A Letter From the Family Dog About Ticks

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Dear Mom (or Dad):

Today I walked barefoot on a sidewalk full of germs. Returning home, I didn’t wipe my paws off but proceeded to jump on my bed, walk around the house, and watched as my roommate put a pair of rubber gloves on her cocker spanielhands.

Gasp, I shuddered to myself, why the gloves? She put a funny smelling solution in between my shoulders and said it would help protect me against pests. The package of mystery liquid read “Avoid contact with skin, eyes or clothing. Wash thoroughly with soap and water after handling.”

Signed, the Family Dog

Think about it: Our dogs spend their time walking where we take them, eating what we feed them, and having chemicals and topical flea and tick solutions applied as we, their owners/pet parents, choose. With paw to pen, Fido would indeed scrawl that across the family memo board.

Contrary to popular belief, fleas and ticks don’t take the fall or winter months off. Fleas and ticks are a way of life for dogs and cats but controlling them is a matter of choice.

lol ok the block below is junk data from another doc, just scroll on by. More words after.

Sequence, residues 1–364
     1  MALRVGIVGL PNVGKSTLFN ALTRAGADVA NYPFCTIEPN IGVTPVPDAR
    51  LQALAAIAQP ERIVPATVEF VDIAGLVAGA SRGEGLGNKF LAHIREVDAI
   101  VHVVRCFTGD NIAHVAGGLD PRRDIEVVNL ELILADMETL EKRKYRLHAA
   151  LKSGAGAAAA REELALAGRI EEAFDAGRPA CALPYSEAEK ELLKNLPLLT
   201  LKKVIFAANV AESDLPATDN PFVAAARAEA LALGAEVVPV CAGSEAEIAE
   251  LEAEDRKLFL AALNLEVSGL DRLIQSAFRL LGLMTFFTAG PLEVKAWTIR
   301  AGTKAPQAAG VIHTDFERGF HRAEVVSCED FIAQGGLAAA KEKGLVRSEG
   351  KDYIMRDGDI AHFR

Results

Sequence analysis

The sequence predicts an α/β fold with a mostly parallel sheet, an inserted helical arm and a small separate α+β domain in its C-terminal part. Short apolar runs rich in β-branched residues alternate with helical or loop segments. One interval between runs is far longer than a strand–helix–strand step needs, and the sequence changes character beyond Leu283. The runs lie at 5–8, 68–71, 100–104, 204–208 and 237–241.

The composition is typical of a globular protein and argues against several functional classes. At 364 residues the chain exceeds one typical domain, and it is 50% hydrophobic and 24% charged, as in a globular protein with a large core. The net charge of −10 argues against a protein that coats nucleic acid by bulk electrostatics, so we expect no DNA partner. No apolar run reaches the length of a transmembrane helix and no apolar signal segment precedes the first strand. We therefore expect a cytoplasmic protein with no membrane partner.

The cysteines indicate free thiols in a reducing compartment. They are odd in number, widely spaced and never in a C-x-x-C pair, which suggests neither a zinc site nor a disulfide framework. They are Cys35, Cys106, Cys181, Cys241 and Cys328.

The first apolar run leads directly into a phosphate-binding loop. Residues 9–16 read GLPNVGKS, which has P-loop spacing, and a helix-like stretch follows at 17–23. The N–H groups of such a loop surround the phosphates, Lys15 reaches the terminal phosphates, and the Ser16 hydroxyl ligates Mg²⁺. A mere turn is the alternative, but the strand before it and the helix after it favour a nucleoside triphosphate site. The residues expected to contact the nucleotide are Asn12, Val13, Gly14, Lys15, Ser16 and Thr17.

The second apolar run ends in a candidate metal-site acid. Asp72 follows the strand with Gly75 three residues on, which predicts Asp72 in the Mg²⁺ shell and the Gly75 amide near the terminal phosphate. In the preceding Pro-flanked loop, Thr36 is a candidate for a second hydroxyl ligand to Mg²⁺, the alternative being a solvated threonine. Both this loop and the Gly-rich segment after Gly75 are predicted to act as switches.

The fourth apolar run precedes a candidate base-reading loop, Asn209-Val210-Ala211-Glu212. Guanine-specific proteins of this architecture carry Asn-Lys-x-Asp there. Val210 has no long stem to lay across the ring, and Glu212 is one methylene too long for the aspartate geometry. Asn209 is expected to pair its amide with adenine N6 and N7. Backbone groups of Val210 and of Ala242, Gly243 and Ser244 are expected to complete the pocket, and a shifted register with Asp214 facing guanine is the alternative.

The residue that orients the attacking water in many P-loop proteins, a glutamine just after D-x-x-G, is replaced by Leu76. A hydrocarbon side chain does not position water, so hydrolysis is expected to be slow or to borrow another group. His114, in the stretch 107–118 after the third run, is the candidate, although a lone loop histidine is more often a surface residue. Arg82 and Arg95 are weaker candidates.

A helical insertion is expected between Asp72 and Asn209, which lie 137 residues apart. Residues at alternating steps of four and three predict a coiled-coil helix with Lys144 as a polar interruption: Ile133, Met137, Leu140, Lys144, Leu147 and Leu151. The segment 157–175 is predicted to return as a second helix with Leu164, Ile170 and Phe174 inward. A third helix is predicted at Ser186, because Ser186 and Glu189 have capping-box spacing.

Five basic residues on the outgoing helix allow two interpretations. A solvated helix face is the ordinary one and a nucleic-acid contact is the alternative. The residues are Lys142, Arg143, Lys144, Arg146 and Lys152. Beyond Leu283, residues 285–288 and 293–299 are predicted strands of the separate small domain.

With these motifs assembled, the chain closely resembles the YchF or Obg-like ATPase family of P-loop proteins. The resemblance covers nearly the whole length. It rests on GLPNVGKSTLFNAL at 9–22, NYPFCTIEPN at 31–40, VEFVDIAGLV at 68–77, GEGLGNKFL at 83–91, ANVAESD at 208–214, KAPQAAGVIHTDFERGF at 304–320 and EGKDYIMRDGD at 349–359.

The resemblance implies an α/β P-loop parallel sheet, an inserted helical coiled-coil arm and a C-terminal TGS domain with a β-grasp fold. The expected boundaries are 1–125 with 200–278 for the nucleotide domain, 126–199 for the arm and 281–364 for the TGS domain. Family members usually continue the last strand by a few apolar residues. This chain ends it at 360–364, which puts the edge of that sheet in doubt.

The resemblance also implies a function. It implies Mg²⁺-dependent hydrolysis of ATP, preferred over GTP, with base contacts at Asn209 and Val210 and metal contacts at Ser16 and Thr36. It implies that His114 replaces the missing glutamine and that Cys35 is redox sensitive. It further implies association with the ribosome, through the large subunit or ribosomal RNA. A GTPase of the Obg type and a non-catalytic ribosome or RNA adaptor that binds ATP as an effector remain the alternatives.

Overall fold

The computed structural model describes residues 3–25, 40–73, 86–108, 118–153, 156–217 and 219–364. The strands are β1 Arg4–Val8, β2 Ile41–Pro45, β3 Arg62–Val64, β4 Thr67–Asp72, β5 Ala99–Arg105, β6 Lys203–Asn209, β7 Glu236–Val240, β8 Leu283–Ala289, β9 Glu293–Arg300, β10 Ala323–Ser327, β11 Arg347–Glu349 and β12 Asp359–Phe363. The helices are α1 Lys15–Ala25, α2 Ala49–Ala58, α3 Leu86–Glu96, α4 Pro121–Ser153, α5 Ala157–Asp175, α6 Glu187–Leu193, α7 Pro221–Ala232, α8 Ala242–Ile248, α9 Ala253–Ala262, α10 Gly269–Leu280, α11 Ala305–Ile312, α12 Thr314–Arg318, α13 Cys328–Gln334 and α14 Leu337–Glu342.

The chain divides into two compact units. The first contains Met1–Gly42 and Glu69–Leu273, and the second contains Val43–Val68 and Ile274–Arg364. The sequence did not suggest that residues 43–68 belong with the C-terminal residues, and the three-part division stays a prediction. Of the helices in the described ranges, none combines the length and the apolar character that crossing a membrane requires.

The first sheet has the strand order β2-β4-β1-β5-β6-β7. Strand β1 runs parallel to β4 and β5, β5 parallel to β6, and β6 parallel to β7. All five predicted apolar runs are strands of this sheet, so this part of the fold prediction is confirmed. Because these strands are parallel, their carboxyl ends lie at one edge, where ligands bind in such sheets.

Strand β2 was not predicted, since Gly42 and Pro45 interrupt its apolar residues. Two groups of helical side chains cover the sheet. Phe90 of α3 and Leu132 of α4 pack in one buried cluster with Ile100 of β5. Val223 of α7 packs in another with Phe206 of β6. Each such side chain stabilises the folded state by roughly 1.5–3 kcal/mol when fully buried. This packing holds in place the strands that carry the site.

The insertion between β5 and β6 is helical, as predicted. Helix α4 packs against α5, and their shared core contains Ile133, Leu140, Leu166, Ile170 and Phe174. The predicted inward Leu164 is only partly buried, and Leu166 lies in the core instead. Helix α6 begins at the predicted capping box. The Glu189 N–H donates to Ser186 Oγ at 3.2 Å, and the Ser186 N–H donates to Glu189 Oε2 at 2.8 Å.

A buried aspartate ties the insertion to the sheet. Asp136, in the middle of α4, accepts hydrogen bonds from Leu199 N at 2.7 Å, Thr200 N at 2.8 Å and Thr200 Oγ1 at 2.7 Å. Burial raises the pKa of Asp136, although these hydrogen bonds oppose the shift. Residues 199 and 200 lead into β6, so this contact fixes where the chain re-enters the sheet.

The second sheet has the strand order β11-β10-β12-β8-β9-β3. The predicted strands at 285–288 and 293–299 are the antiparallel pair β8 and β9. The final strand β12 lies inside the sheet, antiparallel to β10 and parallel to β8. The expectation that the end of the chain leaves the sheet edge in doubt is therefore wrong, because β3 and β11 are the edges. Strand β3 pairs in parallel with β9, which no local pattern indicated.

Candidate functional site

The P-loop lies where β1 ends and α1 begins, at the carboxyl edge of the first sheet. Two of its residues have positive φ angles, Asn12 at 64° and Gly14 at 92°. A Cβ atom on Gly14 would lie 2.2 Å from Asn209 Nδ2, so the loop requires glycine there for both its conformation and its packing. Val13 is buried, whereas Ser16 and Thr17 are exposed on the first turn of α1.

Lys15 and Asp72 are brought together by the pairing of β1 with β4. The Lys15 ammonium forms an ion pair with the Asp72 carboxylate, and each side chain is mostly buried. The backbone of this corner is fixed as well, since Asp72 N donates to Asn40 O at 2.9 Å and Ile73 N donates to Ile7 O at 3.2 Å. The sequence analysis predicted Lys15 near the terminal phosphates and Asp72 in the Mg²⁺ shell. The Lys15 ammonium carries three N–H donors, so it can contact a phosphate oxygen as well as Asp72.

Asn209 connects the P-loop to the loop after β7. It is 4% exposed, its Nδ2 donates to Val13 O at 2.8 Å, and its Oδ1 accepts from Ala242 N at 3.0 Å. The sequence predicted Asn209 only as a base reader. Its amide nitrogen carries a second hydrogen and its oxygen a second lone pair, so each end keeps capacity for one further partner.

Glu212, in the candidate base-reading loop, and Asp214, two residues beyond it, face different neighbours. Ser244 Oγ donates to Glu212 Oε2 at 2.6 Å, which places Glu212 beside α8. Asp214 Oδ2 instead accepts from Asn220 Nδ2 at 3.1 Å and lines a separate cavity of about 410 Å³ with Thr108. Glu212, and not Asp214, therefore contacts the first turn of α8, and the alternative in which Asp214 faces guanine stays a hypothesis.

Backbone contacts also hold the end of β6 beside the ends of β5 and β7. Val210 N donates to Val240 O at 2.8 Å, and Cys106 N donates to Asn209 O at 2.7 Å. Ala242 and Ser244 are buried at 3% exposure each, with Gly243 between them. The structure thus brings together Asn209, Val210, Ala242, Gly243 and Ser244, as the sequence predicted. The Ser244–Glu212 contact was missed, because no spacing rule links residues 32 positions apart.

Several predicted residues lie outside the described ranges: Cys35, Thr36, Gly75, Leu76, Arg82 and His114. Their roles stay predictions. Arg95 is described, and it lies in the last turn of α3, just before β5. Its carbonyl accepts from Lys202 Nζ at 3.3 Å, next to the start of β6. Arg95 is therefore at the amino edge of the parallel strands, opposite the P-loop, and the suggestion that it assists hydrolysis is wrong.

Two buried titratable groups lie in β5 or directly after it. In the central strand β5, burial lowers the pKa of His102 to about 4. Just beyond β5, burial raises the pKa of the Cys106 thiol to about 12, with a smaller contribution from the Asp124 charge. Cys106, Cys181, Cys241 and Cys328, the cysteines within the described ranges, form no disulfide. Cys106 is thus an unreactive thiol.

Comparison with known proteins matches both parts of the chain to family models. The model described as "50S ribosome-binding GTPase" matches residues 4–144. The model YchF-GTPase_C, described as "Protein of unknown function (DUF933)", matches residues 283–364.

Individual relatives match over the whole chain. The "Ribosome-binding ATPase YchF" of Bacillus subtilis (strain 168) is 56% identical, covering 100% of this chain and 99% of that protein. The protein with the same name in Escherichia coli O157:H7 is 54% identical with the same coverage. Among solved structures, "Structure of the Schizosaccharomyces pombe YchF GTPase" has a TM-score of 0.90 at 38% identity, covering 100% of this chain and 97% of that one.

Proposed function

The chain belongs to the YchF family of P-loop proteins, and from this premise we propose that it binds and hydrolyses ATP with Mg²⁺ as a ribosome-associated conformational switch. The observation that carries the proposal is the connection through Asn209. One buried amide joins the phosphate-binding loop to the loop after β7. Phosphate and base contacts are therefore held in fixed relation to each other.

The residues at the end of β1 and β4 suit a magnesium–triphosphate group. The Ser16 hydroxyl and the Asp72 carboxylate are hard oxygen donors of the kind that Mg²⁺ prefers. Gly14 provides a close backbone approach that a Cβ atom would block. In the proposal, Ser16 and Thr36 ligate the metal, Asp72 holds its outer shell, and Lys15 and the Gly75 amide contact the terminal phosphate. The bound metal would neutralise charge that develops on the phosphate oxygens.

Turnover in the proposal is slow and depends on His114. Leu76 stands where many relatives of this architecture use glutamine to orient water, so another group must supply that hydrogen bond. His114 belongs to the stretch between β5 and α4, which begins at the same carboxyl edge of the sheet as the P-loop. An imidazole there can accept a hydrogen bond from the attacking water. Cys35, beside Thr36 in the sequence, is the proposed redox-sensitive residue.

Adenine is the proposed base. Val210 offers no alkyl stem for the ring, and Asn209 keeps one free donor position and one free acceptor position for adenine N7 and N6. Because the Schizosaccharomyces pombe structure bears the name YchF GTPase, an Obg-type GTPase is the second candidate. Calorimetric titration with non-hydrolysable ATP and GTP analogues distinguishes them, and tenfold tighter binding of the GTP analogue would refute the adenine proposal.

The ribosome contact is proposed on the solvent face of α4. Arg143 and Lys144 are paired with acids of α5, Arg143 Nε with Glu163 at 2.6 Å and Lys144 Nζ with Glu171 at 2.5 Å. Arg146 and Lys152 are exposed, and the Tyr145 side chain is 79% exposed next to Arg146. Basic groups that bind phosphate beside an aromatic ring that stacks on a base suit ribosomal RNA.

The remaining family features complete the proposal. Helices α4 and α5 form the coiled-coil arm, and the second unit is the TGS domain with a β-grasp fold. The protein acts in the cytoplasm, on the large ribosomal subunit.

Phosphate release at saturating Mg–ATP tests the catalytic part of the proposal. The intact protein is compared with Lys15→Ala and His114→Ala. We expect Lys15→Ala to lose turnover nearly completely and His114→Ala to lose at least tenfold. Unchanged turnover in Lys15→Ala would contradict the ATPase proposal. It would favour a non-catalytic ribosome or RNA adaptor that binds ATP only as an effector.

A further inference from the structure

According to the Lyme Research Alliance, fall is the time of year when ticks are most active. Fidose of Reality wants dog parents to control ticks (and fleas) in non-toxic ways. The Lyme Research Alliance checked with the Environmental Protection Agency recently and they concur: many bottled tick-and-flea repellents can cause everything from mild skin irritation and hair loss to seizures and even death in cats and dogs. The EPA is now looking into “pursuing a series of actions to increase the safety of spot-on products” (those applied to the neck or back of dogs and cats).

cocker spanielsSo what can dog moms and dog dads do in the meantime that is non-toxic and prevents fleas and ticks?

  • Avoid what the Lyme Research Alliance calls high-risk zones. You know those piles of leaves that appear this time of year? Keep dogs away, fun as they sound crunching under foot. Ticks carry disease so keep lawns mowed, dogs away from piles of leaves, and stack wood in a dry location (ticks love dark, moist environments).
  • Keep DEET-containing products away from dogs. They are designed for humans and not pets. DEET is highly toxic for pets.
  • Stop “tick taxis” in their tracks. Ticks can cling onto dogs and then hitch a ride into your home.  Closely examine dogs before allowing them inside after a walk. Areas of interest include ears, face, eyelids, muzzle and paws. One time, before I went the natural route, a tick adhered to my dog’s head and I thought it was a growth. That nasty thing was removed before he could infect.

Fidose of RealityHow are you preventing ticks?? Any suggestions for things that have worked for you are welcomed and encouraged….

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